Tennessee associate head coach Tony Jones says filling in for head coach Bruce Pearl will be just like making another player substitution.
"I'll just fill in for a player that's injured for 2½ hours and try to do the same things that we would (normally) do," Jones said. "I know some of the things he would do right now before he'd even do them."
When the Vols (10-4) face Arkansas (10-3) in Fayetteville on Saturday, Pearl won't be on the court with them. Southeastern Conference Commissioner Mike Slive has suspended Pearl for eight conference games for lying to NCAA investigators during an ongoing probe into Tennessee's recruiting practices.
It's the first time in 18 seasons as a head coach that Pearl will miss a game.
"Had a lot of babies born, had enough illness, enough family reasons to miss a game here and there, and I've never missed one," Pearl said. "For me, I just feel like I'll be letting the team down. I've already let them down."
Tennessee is awaiting official notice from the NCAA of allegations that Pearl improperly hosted recruits at his home and that he and assistants made an excessive number of calls to recruits.
Pearl acknowledged in August that he mislead investigators during a June interview, and Tennessee punished him by docking his salary by $1.5 million over five years and prohibiting him from off-campus recruiting for a year.
He can take some comfort knowing his team is in the hands of Jones, who followed him from Wisconsin-Milwaukee to Tennessee and is now in his 10th season as Pearl's assistant.
It's been a long time since Jones has been the guy in charge, save a couple of times he's filled in after the head coach got ejected. His last head coaching job was for Team AAU Michigan from 1991-1993, when he coached future NBA stars Jalen Rose, Howard Eisley and Voshon Lenard, leading them to a 35-1 record and national title in 1991.
Jones did get a bit of a dress rehearsal in a loss to College of Charleston on Dec. 31, when Pearl was ejected with 5:25 to go after back-to-back technicals for arguing fouls. Pearl joked after that game he was just trying to get Jones a few extra reps.
Jones took over with the Vols down by 16 points and helped them get back to within nine points with 1:32 left, but Tennessee lost to Charleston 91-78.
"Whether he did it purposely or not, he helped me a lot to shake the nerves off, just to get the tempo of the game, the speed of the game, to be able to articulate my message to the players during the timeouts," he said. "It's definitely a different feel. Obviously you have a little bit more responsibility. You have to have a little bit more focus and concentration."
After a decade with Pearl, Jones expects he'll make many of the same decisions Pearl would be making during the game.
But Jones admits his style may not be quite as, well, loud as the coach who made headlines when he painted his chest for a Lady Volunteers game and is often seen stomping his feet and yelling on the sideline. His players expect Jones to be a bit calmer as well.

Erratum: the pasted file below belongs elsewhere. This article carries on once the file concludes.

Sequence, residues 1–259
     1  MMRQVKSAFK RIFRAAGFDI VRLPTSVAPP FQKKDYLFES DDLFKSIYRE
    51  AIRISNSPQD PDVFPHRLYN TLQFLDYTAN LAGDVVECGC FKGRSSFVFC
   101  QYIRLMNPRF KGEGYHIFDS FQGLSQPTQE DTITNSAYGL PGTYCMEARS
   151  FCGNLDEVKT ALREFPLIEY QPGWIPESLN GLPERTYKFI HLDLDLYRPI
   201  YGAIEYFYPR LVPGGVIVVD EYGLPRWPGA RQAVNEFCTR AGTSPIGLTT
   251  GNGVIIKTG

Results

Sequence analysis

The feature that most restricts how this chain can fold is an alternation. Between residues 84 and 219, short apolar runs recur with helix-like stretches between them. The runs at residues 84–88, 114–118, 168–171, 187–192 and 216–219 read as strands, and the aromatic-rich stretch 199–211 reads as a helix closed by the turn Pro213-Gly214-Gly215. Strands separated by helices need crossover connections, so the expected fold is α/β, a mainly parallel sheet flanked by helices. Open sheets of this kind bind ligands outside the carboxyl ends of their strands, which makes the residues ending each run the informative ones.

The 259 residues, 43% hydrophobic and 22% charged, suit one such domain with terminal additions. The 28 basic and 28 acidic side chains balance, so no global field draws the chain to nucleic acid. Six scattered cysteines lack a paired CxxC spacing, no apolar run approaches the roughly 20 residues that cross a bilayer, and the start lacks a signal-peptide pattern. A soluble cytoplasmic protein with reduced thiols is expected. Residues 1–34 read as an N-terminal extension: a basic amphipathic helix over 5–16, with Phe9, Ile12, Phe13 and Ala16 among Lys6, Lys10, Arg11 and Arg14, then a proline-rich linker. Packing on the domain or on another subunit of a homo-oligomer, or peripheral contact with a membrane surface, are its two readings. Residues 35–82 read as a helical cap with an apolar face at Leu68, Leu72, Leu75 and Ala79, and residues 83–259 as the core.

"Coach Jones, he has different methods to getting to you," junior guard Cameron Tatum said. "He can raise his voice and be a little intense as well, but he's the more calm, cerebral type of coach that tries to pick your brain a little bit to get you to play better. Sometimes those methods work, depending on who the player is. It's going to be interesting to see how we respond to that."
Pearl prefers Jones insert his own personality into his eight-game head coaching gig. Pearl recalls his own mentor, Tom Davis, telling him to have his own personality and do what he knew how to do.
"Tony's going to add his own personality to the game," Pearl said. "He's going to have his own feel and instincts at times, but we've been together for an awful lot of time."
Jones won't say just yet if he'll adopt Pearl's tradition of honoring late Tennessee coach Ray Mears by wearing an orange blazer when the Vols host Vanderbilt on Jan. 15.
Pearl won't be completely removed from his team until his suspension ends Feb. 8 at Kentucky. He's allowed to coach them on days in between games, will spend time with Jones and assistants Steve Forbes and Jason Shay scouting opponents, can travel to away games and will be on the sideline for a nonconference meeting with Connecticut on Jan. 22.
But when it comes to game days, Pearl isn't allowed to be around the team at all. On Saturday, he plans to watch from his Fayetteville hotel room with his wife Brandy and Tennessee associate athletics director Desiree Reed-Francois. He'll watch games in Knoxville from his home.
"Impossible. I don't want to think about it. Helpless, sad, embarrassed," Pearl said when asked how he thought it would feel to watch. "I've never missed a game in my entire career."